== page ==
Erosive esophagitis occurs when there is inflammation in the oesophagus. It is often a result of untreated GERD (gastro-oseophageal reflux disease). According to the American College of Gastroenterology (ACG), when someone has GERD, the lower sphincter muscle on the oesophagus relaxes and this allows acid to enter the oesophagus, causing heartburn symptoms. When this occurs on a consistent basis, it erodes the oesophagus leading to esophagitis (see reference 1). The ACG also says that watching your diet is part of the GERD treatment, and that treating GERD will treat your erosive esophagitis.
The diet for erosive esophagitis is more about the foods that should be avoided, rather than included. There are known foods that increase the amount of acid in the stomach, and therefore should be avoided to help stop GERD and slow the progression of erosive esophagitis. Foods to avoid, according to the Nemours Foundation, are caffeinated drinks such as coffee, tea, and some sodas; chocolate; greasy, fatty and fried foods; onions, garlic, and peppers; peppermint and spearmint; citrus fruits and foods that include cooked tomatoes, such as spaghetti or pizza sauces, chilli and certain soups (see reference 2). These foods add to the damage of the esophageal lining by causing stomach acid and relaxing the lower esophageal sphincter muscle.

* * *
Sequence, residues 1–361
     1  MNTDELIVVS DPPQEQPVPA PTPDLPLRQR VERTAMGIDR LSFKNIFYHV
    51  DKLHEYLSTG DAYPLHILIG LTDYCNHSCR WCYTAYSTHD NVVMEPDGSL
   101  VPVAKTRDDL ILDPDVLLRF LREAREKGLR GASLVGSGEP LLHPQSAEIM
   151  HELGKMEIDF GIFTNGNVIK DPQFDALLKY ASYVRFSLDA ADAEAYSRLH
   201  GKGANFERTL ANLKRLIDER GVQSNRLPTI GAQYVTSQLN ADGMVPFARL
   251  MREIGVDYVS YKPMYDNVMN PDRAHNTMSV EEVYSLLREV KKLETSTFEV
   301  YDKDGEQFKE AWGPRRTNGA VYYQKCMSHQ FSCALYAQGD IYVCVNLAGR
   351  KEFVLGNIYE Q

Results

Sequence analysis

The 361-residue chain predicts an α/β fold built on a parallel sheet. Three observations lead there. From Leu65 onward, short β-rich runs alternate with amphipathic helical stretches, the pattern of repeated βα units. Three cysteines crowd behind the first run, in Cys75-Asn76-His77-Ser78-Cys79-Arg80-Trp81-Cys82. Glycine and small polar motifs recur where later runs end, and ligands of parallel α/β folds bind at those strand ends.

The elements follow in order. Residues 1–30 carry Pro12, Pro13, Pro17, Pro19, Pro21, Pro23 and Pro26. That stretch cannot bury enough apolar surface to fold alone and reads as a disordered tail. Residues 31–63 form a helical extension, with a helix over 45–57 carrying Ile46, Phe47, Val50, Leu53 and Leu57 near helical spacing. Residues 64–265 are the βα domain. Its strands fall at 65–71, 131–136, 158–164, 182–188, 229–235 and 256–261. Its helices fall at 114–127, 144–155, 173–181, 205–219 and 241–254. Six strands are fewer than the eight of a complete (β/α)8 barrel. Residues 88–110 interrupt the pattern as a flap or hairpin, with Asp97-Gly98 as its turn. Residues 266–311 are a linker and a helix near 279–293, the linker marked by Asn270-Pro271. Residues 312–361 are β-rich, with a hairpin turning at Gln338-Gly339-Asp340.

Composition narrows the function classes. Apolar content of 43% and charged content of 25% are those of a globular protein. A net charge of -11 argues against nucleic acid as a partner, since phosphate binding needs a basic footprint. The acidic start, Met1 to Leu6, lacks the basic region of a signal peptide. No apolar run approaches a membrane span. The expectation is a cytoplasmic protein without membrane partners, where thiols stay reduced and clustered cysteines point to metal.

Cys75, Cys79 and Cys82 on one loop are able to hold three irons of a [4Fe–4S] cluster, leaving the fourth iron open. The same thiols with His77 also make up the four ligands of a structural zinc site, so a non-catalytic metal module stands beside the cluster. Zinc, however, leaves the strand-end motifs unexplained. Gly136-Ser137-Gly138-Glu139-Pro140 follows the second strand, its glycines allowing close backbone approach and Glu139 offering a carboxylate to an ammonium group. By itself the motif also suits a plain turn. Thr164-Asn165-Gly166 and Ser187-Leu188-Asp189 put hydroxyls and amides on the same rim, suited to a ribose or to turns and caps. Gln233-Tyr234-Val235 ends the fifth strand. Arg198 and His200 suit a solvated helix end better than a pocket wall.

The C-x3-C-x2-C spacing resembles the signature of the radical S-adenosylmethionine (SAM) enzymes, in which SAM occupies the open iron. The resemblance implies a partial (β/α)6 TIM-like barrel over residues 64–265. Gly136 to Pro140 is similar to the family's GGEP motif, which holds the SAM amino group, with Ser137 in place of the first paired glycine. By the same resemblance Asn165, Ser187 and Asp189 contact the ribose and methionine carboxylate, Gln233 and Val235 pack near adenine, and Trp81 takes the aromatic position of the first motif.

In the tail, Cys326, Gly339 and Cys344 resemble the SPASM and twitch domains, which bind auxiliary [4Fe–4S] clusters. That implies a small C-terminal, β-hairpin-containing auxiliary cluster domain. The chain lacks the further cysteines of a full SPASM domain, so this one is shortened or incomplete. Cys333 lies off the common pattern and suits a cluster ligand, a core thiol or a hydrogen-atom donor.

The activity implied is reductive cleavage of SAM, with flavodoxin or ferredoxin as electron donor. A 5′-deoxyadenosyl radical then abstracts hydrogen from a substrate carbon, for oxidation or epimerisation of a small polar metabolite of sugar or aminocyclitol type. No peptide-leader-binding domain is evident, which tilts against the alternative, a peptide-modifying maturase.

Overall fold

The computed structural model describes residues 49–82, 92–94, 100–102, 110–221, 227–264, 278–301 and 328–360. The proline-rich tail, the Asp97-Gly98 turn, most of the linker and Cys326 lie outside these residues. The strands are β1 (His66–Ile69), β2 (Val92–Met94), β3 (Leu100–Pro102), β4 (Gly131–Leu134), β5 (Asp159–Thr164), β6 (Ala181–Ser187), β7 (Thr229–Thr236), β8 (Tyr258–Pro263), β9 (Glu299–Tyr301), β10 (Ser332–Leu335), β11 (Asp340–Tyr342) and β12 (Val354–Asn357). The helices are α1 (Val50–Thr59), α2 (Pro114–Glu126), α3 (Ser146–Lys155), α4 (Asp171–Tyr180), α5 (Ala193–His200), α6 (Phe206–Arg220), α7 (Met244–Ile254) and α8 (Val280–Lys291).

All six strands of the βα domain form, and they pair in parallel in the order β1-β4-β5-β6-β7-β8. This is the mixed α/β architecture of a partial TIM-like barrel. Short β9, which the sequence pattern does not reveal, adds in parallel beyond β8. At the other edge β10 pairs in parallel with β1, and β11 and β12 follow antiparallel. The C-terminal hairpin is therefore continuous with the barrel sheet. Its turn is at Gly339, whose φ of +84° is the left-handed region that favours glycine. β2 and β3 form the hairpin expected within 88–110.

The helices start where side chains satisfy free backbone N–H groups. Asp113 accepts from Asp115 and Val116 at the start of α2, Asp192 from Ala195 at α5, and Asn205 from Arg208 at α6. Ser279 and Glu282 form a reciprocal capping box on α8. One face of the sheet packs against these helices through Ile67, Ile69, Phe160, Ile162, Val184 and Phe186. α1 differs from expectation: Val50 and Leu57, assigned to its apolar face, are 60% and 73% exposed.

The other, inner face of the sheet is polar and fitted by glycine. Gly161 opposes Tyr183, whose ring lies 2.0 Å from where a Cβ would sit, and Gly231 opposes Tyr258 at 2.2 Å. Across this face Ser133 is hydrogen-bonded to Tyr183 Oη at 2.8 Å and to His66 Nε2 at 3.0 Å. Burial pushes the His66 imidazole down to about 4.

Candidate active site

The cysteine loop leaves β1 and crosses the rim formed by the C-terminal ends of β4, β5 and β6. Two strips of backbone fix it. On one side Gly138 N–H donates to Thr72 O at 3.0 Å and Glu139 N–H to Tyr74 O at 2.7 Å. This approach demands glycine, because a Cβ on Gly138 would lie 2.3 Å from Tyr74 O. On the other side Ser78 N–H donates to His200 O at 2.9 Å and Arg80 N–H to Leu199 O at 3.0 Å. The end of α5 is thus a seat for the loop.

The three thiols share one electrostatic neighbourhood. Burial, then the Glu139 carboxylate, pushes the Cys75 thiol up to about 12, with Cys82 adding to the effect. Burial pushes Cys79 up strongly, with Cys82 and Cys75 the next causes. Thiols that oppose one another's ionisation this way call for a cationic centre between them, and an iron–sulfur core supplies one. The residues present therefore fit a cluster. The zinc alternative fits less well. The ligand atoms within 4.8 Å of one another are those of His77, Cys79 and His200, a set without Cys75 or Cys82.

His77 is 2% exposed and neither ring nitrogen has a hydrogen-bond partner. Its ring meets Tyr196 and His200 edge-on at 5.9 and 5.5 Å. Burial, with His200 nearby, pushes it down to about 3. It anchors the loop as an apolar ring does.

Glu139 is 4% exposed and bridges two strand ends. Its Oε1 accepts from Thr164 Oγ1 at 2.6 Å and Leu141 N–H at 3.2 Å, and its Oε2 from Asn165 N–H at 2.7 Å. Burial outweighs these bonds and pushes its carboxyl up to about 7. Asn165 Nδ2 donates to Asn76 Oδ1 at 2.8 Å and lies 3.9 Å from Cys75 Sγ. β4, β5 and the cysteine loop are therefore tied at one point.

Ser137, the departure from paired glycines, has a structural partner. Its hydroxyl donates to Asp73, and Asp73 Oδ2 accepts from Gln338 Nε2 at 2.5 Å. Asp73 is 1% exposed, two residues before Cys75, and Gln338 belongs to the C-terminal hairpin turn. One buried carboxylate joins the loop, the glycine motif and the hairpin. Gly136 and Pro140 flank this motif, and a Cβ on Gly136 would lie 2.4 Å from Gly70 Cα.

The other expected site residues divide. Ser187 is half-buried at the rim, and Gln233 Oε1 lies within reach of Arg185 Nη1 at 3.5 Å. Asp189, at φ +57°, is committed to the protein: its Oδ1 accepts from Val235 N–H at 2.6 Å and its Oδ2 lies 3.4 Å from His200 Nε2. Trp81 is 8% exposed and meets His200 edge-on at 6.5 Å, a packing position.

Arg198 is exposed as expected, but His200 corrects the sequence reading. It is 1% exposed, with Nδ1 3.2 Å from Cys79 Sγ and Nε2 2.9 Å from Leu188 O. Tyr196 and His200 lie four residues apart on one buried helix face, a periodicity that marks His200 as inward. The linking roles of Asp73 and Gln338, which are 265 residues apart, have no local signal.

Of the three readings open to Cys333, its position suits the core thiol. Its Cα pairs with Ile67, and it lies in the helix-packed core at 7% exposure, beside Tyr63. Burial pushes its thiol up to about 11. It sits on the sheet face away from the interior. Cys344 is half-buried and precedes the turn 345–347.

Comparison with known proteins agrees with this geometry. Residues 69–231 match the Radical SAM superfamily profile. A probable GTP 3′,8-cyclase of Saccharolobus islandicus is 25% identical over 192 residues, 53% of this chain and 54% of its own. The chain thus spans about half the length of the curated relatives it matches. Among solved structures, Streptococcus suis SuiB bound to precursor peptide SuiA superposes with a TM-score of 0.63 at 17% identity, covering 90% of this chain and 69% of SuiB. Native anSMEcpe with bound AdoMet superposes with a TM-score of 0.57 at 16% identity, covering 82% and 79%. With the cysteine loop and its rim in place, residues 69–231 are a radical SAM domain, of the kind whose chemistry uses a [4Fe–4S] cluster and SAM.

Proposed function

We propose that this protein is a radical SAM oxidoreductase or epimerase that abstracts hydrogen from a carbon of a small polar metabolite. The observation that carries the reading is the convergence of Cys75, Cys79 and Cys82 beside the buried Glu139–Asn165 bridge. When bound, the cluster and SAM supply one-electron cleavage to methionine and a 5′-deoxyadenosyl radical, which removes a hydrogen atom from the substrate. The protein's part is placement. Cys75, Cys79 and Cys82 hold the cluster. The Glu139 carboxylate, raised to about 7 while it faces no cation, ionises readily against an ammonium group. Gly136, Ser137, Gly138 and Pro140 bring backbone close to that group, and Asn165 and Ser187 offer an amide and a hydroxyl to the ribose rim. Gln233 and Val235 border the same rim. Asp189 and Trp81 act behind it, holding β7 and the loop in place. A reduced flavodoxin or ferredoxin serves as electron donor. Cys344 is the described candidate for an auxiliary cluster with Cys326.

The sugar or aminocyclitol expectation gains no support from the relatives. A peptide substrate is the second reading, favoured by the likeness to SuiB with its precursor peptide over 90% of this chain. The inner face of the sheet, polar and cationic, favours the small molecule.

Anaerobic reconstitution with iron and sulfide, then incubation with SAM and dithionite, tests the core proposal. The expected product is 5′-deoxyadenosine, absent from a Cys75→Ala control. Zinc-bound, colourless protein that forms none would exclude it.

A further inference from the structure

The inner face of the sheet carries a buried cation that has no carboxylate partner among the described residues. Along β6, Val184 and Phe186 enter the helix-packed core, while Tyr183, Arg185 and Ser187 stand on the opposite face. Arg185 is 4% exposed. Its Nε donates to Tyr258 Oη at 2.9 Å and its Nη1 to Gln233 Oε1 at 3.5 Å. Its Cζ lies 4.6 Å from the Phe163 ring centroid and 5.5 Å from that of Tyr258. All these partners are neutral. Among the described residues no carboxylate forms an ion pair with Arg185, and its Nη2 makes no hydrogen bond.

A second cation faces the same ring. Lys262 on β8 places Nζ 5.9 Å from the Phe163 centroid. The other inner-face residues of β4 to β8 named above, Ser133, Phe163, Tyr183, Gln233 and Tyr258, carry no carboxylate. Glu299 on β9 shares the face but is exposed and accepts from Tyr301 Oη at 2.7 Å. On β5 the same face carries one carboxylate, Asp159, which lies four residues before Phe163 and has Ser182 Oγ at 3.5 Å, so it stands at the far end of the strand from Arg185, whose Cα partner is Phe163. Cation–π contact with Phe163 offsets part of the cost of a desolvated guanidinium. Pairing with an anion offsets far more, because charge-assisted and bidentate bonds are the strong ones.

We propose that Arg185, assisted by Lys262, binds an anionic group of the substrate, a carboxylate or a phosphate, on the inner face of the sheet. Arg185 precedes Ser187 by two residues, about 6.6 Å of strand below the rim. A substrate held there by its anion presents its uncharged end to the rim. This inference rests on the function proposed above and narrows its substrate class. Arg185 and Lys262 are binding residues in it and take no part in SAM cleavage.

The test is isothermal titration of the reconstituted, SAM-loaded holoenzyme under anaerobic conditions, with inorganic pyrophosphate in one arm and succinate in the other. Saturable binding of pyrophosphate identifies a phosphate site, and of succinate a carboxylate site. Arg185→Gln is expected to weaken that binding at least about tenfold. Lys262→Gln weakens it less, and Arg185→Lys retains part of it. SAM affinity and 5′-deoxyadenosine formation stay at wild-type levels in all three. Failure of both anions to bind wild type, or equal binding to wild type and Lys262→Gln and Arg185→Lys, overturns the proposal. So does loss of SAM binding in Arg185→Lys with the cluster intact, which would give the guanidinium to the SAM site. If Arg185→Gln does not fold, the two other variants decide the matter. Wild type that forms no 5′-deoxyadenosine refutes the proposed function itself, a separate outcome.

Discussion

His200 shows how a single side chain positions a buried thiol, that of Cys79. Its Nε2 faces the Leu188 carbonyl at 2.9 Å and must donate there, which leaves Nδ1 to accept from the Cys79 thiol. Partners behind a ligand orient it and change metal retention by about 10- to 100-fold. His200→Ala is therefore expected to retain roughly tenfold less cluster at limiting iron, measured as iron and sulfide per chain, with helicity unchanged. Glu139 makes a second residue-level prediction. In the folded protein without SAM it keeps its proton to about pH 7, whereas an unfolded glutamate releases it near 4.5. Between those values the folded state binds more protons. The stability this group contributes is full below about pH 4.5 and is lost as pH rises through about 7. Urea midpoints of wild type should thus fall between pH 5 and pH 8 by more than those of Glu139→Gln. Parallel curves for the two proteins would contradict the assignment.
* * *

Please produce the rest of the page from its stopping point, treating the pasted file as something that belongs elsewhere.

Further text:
The Foundation for Better Health Care also adds alcohol as a product that should be eliminated from the diet (see reference 3). If there are certain foods that are not included in this list, but cause acid and heartburn for you, they need to be eliminated too, as your discomfort could be a result of a food allergy. According to Dr. Stephen Wangen, who is a leading expert in digestive disorders, food allergies often cause high stomach acid content and lead to esophagitis (see resource 1).
There are lifestyle modifications that should accompany any diet for erosive esophagitis. Avoid lying down within three hours of a meal and raise your upper body when sleeping either with a pillow wedge or by putting the head end of your bed up on blocks or risers. These are just two of the lifestyle changes recommended by the Mayo Clinic as treatment for stomach acid (see resource 2). They also advise to quit smoking, as smoking weakens the lower esophageal muscle.